Functional characterisation of the CAG polymorphism in the androgen receptor- in vitro and in vivo

Hannah Nenonen

Research output: ThesisDoctoral Thesis (compilation)

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The androgen receptor (AR) is the mediator of androgen actions. In the AR coding region there is a polymorphic CAG repeat encoding a stretch of the amino acid glutamine (Q). The repeat length modulates receptor activity and is normally distributed between 10-30 CAG with a median length of 22 repeats in white men. At the start of this work, a negative linear association between AR function and the CAG repeat number was generally assumed. This assumption was supported by clinical findings in patients with Kennedy’s disease, which is a neuromuscular disorder caused by an abnormally expanded CAG repeat (>40 CAG). However, in vivo data concerning the association between CAG numbers within normal length and androgenic effects were conflicting. As understanding the impact of CAG number on the AR activity is important for proper interpretation of this polymorphism and risk of pathological conditions other than Kennedy’s disease, the purpose of this study was to examine the influence of CAG length, if any, on AR activity.
Firstly an in vitro study was performed. A reporter gene with a human androgen responsive promoter was used in a transactivation assay. The repeat lengths included were 16, 22 and 28 CAG, which represent a short, the median, and a long repeat within the normal human range. The study showed that the AR with median repeat length had the highest activity in vitro. Secondly, the effect of the CAG repeat in relation to two androgen dependent conditions, infertility and PCa, was analysed in two separate meta-analyses. When stratifying the CAG repeats into three groups, shorter than median, median and longer than the median CAG length, the meta-analysis on infertile men showed 20% increased risk of infertility in men harbouring other repeat lengths than the most common. On the other hand, CAG number did not have any effect on PCa risk.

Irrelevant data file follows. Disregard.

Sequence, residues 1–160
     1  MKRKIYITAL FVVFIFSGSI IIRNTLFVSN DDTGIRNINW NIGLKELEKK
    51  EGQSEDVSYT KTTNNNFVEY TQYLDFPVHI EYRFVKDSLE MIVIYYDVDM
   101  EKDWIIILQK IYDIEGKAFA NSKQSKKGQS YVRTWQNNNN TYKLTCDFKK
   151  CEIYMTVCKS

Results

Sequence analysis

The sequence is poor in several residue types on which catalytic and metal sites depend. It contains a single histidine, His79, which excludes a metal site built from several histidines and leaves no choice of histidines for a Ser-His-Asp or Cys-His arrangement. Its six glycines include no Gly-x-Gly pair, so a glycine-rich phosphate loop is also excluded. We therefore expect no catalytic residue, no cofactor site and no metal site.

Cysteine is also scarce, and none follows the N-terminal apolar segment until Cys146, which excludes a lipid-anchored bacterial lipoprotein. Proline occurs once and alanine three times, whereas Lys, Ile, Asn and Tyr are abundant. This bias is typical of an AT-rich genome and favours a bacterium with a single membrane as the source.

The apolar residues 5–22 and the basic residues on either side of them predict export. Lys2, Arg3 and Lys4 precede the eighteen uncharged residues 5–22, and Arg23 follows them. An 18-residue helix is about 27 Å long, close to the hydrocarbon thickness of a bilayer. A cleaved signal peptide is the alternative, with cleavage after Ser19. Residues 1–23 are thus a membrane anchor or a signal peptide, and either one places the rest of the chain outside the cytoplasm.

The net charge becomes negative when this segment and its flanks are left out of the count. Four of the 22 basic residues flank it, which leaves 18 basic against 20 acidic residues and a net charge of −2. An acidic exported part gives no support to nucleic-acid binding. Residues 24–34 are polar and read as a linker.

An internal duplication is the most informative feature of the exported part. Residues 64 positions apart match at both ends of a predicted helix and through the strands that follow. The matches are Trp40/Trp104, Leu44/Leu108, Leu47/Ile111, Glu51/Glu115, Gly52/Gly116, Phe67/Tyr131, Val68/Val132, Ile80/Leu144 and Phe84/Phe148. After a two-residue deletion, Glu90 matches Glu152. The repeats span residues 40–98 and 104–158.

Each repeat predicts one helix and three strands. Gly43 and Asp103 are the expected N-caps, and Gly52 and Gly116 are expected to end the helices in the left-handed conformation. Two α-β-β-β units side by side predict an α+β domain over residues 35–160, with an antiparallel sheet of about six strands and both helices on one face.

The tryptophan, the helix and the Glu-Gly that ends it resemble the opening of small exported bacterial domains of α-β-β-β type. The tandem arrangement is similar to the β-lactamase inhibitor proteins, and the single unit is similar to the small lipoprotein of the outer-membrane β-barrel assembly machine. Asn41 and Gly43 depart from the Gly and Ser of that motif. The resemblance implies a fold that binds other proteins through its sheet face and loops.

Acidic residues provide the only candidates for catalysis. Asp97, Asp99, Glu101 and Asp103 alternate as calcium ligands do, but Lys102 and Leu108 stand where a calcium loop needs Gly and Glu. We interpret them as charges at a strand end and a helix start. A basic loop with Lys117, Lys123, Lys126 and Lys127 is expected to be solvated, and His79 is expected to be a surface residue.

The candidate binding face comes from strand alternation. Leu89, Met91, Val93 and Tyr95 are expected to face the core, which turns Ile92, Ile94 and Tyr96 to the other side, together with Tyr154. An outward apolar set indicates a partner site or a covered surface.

The AR regulates the expression of prostate specific antigen (PSA). Thus the expression of PSA can be used as a marker of AR activity in tissue. We measured the AR protein and PSA amount in human prostate tissue from 19 men with known CAG length. Those who were carriers of 22 CAG had lower AR amount and higher PSA than counterparts with other CAG lengths, but this was not statistically significant, probably due to the small study size.
Taken together, these studies indicate that the median length of the androgen receptor CAG repeat is associated with optimal activity, in vitro and in vivo.
Original languageEnglish
Awarding Institution
  • Department of Clinical Sciences, Malmö
  • Lundberg Giwercman, Yvonne, Supervisor
  • Giwercman, Aleksander, Supervisor
  • Rylander, Lars, Supervisor
Award date2011 Apr 1
Print ISBNs978-91-86671-75-4
Publication statusPublished - 2011

Bibliographical note

Defence details

Date: 2011-04-01
Time: 09:00
Place: Jubileumsaulan, Entrance 59, SUS, Malmö

External reviewer(s)

Name: Saunders, Philippa
Title: Professor
Affiliation: Centre for Reproductive Biology The Queen's Medical Research Institute Edinburgh, Scotland


Subject classification (UKÄ)

  • Clinical Medicine


  • androgen receptor
  • polymorphism
  • CAG polymorphism
  • androgen receptor activity
  • infertility
  • prostate cancer
  • androgen receptor function


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